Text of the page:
A debate organised by the NUJ at the House of Commons last night on protecting journalists' sources highlighted the new difficulties thrown up by so much information being held on computers.
Gavin Millar QC said it was a "grey area" who owned the material that the courts might demand should be handed over to identify a source - the journalist or their employer.
He said in the days of notebooks, employers could argue that material wanted by police to identify a source was not on their premises but was in the possession of the journalist.
Michelle Stanistreet, NUJ general secretary, said in some past cases the union had arranged for material identifying sources to be sent abroad so it was beyond the jurisdiction of the courts.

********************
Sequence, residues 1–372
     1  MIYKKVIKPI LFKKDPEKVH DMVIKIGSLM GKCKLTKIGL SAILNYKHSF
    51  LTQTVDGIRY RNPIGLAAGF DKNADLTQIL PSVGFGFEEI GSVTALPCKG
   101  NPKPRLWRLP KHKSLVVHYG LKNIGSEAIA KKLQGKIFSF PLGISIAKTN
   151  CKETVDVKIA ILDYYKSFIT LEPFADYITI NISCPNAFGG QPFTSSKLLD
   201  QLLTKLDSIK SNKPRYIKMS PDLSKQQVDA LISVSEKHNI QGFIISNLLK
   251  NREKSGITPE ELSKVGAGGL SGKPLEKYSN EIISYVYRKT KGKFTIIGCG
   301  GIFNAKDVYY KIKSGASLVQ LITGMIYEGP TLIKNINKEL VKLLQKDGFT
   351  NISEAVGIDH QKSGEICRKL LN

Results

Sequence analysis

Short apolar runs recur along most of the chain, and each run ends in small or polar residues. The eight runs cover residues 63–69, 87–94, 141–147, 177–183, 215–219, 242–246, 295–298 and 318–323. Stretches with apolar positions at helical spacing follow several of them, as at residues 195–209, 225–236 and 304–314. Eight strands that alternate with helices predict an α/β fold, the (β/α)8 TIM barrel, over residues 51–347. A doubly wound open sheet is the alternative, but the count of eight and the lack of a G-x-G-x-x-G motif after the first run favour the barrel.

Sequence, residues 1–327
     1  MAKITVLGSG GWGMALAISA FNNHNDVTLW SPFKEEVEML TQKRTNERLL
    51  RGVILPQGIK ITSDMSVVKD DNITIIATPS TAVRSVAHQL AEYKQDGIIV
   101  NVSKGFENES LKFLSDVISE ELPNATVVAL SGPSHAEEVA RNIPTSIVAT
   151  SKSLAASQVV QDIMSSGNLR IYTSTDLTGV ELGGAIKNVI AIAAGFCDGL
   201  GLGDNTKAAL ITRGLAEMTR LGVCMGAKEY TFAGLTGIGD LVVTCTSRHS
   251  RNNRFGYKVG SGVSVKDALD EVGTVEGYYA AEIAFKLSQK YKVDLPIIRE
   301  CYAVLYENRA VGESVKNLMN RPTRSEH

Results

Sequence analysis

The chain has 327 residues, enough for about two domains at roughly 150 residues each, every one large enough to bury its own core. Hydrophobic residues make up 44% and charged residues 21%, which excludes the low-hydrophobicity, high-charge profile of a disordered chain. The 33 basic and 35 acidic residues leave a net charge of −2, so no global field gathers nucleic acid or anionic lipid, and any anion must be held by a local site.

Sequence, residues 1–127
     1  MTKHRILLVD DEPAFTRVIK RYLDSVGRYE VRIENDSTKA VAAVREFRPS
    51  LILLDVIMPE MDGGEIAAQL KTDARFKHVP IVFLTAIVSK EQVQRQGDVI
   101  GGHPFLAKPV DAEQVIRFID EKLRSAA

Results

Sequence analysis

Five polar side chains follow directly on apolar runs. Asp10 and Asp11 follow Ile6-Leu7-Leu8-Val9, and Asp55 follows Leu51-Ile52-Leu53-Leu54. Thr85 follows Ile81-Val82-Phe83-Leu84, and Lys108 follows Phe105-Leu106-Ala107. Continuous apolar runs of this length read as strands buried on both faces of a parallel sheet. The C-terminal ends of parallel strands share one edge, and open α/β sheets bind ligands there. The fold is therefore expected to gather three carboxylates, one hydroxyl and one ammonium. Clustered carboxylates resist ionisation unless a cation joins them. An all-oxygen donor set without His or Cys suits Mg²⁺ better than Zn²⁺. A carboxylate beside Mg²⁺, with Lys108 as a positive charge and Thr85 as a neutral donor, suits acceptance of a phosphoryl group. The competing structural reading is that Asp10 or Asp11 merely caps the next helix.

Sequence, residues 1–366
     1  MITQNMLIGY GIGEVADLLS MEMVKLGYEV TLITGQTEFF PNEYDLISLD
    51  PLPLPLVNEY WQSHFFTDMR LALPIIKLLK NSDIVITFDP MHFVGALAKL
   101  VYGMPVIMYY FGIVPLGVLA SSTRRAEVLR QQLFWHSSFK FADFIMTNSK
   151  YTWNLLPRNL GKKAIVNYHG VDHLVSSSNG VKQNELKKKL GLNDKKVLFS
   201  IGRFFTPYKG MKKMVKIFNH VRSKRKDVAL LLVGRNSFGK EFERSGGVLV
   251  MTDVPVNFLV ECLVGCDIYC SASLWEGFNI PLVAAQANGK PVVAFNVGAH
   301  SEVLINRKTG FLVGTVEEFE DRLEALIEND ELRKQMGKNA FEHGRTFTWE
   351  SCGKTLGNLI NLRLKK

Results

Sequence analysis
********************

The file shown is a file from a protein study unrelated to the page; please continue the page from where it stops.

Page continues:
But this is far more difficult in the electronic age where emails, notes and leaked information could be stored on computers owned by publishers and broadcasters.
BBC journalist Peter Taylor said it was yet to be tested who owned source material - the journalist or his employer - although he had always been backed by the BBC when he refused to provide information that could have named sources.
Stanistreet said the decision by the News Corp Management and Standards Committee to hand over emails and other material gathered by Sun reporters to police was unprecedented and "a betrayal of sources".
She claimed: "One overriding principle of all journalists is the protection of sources".
- The NUJ, Sky News, ITN and the BBC will be in court next week for a judicial review of production orders requiring unbroadcast film of the Dale Farm evictions being handed over to police.